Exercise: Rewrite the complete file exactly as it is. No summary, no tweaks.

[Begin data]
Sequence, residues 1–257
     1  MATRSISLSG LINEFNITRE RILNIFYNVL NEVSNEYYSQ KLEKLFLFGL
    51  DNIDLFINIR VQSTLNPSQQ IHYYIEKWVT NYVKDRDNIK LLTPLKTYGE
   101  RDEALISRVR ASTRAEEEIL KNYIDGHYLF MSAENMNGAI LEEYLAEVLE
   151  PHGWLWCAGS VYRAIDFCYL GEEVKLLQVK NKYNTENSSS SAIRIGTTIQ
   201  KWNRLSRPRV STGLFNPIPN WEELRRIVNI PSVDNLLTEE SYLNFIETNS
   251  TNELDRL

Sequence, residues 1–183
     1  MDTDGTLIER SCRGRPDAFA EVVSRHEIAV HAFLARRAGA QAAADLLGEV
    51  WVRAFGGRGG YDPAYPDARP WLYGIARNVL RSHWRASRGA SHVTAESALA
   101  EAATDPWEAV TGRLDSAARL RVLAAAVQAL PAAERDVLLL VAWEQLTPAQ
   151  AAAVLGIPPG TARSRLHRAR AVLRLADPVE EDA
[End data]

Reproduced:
Sequence, residues 1–257
     1  MATRSISLSG LINEFNITRE RILNIFYNVL NEVSNEYYSQ KLEKLFLFGL
    51  DNIDLFINIR VQSTLNPSQQ IHYYIEKWVT NYVKDRDNIK LLTPLKTYGE
   101  RDEALISRVR ASTRAEEEIL KNYIDGHYLF MSAENMNGAI LEEYLAEVLE
   151  PHGWLWCAGS VYRAIDFCYL GEEVKLLQVK NKYNTENSSS SAIRIGTTIQ
   201  KWNRLSRPRV STGLFNPIPN WEELRRIVNI PSVDNLLTEE SYLNFIETNS
   251  TNELDRL

Sequence, residues 1–183
     1  MDTDGTLIER SCRGRPDAFA EVVSRHEIAV HAFLARRAGA QAAADLLGEV
    51  WVRAFGGRGG YDPAYPDARP WLYGIARNVL RSHWRASRGA SHVTAESALA
   101  EAATDPWEAV TGRLDSAARL RVLAAAVQAL PAAERDVLLL VAWEQLTPAQ
   151  AAAVLGIPPG TARSRLHRAR AVLRLADPVE EDA